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May 2006   

Interview: Out of the Bedroom
Reverend Jim Wallis is leading a crusade to take the moral debate into the public arena.

Industrial: Cloak and Dagger
The Howard Government has begun a series of workshops to sell its WorkChoice vsision. Sean Ambrose sneaked through the doors for Workers Online.

Unions: Lockout!
Jim Comerford’s eyewitness account of the 15-month Lockout of 10,000 New South Wales miners in1929-1930 records the inside story of Australia’s most bloody and bitter industrial conflict

Legal: The Fantasy of Choice
Professor Ron McCallum argues the WorkChoices laws are built on a fundamental fiction.

Politics: Labor Pains
Labor has dealt itself out of the crucial workplace relations debate by failing to articulate a credible policy alternative to Howard’s new WorkChoices legislation, argues Mark Heearn and Grant Michelson

Economics: Economics and the Public Purpose
Evan Jones pays tribute to John Kenneth Galbraith, a big man who never stopped arguing that economics should serve the public good, not create public squalor.

Corporate: House of Horrors
Anthony Keenan takes a tour of Sydney’s notorious, Asbestos House, courtesy of Gideon Haig.

History: Clash Of Cultures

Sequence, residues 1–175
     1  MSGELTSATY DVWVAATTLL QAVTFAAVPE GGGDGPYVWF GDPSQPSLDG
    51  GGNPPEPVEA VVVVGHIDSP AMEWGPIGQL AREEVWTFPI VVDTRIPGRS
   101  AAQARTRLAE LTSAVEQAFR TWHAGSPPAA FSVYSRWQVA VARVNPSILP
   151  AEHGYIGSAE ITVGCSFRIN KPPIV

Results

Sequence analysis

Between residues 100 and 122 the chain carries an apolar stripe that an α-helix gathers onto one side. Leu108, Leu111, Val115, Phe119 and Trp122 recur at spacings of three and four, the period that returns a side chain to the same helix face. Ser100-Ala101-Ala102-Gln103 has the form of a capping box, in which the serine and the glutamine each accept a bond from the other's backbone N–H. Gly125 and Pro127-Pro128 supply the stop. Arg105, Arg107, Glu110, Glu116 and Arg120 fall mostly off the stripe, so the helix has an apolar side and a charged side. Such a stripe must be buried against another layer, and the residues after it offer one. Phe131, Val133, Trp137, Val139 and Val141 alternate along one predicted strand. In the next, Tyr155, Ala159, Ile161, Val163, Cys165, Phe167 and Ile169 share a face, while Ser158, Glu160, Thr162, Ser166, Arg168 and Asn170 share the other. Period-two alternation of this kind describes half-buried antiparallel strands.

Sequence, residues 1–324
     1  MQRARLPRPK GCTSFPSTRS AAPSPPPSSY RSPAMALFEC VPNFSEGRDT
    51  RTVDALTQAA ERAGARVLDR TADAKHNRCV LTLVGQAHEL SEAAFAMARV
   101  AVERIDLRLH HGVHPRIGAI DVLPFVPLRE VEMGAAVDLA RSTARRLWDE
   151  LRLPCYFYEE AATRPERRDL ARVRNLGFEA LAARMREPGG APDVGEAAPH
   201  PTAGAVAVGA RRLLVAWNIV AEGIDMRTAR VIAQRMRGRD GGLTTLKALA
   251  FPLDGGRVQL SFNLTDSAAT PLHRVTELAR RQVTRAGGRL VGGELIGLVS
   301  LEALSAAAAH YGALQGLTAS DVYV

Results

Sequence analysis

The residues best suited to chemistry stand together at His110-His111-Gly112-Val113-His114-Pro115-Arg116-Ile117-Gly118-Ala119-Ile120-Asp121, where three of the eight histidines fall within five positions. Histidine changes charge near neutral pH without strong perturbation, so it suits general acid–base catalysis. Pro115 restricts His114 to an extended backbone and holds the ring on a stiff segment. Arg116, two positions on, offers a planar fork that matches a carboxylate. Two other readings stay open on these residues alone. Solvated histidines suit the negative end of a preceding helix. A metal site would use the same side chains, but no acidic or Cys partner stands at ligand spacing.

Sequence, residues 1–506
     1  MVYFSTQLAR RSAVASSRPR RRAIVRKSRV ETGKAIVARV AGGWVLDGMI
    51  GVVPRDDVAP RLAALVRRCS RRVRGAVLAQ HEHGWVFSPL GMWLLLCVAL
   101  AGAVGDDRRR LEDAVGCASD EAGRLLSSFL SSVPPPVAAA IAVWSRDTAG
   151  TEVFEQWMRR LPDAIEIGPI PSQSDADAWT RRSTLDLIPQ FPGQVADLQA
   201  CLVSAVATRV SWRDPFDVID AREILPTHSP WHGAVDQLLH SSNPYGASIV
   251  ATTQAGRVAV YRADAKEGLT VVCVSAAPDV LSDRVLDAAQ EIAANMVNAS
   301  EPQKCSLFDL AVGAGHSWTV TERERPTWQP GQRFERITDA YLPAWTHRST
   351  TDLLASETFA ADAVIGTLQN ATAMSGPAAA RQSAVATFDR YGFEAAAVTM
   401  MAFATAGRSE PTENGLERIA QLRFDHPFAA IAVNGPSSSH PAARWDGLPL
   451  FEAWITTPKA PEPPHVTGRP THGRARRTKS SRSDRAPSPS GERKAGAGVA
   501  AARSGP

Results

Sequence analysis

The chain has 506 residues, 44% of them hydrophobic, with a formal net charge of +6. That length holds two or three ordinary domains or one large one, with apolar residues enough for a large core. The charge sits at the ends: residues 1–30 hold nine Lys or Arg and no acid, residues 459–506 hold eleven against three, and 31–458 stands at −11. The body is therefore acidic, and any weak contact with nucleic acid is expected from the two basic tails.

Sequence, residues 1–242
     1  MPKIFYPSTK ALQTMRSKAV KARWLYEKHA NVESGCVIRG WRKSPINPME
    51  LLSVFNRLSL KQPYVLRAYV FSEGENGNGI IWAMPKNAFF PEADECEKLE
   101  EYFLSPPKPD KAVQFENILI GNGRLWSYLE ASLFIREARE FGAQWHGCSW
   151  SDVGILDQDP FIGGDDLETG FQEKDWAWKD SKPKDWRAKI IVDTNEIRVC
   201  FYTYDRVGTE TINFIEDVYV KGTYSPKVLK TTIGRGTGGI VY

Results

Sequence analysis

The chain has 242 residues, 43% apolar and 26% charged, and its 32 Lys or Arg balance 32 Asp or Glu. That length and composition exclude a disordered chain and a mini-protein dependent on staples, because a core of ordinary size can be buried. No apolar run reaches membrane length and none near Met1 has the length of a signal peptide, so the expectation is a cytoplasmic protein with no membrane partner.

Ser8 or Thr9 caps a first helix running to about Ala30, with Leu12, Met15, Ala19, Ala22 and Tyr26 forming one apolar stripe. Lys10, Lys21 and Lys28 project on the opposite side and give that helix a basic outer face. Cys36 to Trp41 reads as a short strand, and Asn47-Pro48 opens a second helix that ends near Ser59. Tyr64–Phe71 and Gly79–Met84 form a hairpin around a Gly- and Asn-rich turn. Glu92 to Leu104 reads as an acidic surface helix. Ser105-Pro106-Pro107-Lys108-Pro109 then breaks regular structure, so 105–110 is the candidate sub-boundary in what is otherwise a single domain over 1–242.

Neale Towart with a new take on Mayday through the words of a punk icon

International: Childs Play
An ILO report into Child Labour shows some progress is being made to curb this gobal scurge .

Culture: Folk You Mate!
Phil Doyle dodges Morris Dancers to find signs of Working Life at the National Folk Festival in Canberra over the Easter Weekend.

Review: Last Holeproof Hero
Finally, a superhero who has worked out how to wear his underpants. Nathan Brown ogles V for Vendetta


The Soapbox
Albo's Meltdown
Labor's environment spokesman Antony Albanese argues that Chrernobyl is one reason why the ALP should stand firm on nuclear.

The Locker Room
A Sort Of Homecoming
Phil Doyle plays to the whistle.

The Westie Wing
Our favourite MP, Ian West reports from Macquarie Street on some strange collective acction.


Contract With Australia
If WorkChoices is the legislative expression of the Howard Government’s ideological hatred of unions, the Independent Contractors Act is the product of an altogether more dangerous form of ideological zealotry.


 Andrews Axes Safety

 Plant Fission for Cost Savings

 Spotless Bosses Blame Howard

 Aussie Bushman Pronounced Dead

 Who's Smirking Now?